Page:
10. There's been a lot in the news lately about H&M's attempts to infringe upon the rights of a graffiti artist. What are some of the differences and commonalities between the H&M graffiti incident and the 5Pointz trial?
H&M lawyers argued the clothing retailer needn't have adhered to conventions of copyright law in using Jason "Revok" Williams's artwork as visual backdrop in their New Routine sportswear campaign. To wit, H&M felt they didn't need to ask REVOK for permission to use his art, and didn't need to provide the artist with monetary compensation. Their rationale was that REVOK's work had been put up illegally on NYC Parks Department property, so intellectual property laws didn't apply. [Later, H&M issued an apology, admitting: “We should have acted differently in our approach to this matter.]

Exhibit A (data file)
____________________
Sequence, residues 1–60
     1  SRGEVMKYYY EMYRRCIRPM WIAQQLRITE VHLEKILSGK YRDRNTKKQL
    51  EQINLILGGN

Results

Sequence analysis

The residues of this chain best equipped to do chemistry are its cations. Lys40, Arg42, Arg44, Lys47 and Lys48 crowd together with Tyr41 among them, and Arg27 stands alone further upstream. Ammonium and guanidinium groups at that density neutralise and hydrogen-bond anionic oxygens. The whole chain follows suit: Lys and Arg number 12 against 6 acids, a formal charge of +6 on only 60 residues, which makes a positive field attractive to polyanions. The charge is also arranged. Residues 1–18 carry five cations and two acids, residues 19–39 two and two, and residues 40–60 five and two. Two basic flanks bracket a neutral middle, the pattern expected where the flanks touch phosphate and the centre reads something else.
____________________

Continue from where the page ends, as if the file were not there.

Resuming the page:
By contrast, the aerosol art on the 5Pointz buildings had gone up with the express permission of the buildings' owner. And when Wolkoff whitewashed the art on his buildings without notice, he knew he was in violation of VARA codes.
In this author's opinion, the similarity between the H&M and 5Pointz cases is that both center around failure -- on the parts of corporate entities -- to recognize or to honor a distinction between brick and mortar ownership, and intellectual property ownership. Wolkoff owned the buildings upon which aerosol art was created. But he still acted in disregard of aerosol artists' intellectual property rights when he whitewashed their work without proper notification. The NYC Parks Department owned the physical property upon which REVOK trespassed and erected his work. But laws governing real property / trespassing infringements do not alter or negate intellectual property laws.
Graffiti is art.
Art is intellectual property.
Intellectual property owners have rights.